Development of Specimen Curing Procedures that Account for the Influence of Effective Stress During Curing on the Strength of Cemented Mine Backfill

September 2011


122 Reads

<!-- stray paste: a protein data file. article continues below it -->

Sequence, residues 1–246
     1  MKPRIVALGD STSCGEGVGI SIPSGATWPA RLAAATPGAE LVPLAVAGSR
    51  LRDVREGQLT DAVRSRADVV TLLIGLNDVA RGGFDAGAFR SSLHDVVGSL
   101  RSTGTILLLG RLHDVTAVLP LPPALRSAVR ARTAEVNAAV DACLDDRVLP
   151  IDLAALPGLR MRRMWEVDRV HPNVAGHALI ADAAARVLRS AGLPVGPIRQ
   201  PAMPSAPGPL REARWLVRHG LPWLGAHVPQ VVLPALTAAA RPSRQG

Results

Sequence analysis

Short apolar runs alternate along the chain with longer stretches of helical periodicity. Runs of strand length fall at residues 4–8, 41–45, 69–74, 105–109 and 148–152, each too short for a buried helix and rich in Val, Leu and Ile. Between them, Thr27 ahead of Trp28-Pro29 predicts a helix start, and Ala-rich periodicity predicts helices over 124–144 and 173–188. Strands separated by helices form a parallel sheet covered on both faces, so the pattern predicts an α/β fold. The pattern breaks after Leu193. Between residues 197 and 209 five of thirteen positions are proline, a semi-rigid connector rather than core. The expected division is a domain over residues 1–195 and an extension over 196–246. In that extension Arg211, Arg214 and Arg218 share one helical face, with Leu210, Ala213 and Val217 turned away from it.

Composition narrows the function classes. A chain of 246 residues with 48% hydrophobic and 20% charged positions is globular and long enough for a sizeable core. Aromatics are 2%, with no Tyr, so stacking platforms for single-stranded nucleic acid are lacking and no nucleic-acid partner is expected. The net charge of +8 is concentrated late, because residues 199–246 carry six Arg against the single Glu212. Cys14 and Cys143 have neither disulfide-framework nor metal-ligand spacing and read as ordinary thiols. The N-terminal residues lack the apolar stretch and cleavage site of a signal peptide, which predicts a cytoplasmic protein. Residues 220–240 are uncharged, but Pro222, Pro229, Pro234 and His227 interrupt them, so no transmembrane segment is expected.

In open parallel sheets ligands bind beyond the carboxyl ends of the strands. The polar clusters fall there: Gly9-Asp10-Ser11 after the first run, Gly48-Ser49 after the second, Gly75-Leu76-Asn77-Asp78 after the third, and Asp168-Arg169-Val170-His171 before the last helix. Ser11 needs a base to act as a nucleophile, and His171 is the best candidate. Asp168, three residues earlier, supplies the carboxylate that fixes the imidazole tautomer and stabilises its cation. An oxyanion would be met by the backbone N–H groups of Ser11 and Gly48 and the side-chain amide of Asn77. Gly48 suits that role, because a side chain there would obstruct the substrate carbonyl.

Paste backfill used to provide ground support in underground mining is generated from full-stream tailings and is almost always placed underground with cement. For the backfill, both the rate of strength development and the final strength are important considerations for design, particularly when the backfill is subsequently exposed in the stope-mining sequence. There is strong evidence that strengths measured on specimens obtained from coring the in situ cemented backfill are much greater than laboratory-cured specimens with the same cement content. The paper reviews some of the experimental evidence showing that one of the major reasons for the different strength is the difference in effective stress acting on the backfill during curing. Laboratory specimens are (almost) always cured under zero total stress, so no effective stress develops. In contrast, backfill in a stope may cure under high effective stress, which develops due to either “conventional” consolidation in free-draining backfills, or to the so-called “self-desiccation” mechanism in fine-grained fills. Evidence is presented showing how the final strength is affected by applying stress to specimens at different stages of curing and at different rates. It is shown that a fully-coupled analysis of the filling behaviour is required to determine the appropriate effective stress regime to apply in curing laboratory specimens, where “fully-coupled” in this context means taking account of the interaction of consolidation/drainage rate, filling rate and cement hydration rate. Curing protocols for laboratory specimens are proposed, which would ensure that the strengths obtained are representative of in situ conditions. KeywordsPaste backfill–Mine backfill–Consolidation–Self desiccation–Barricade stress–Curing stress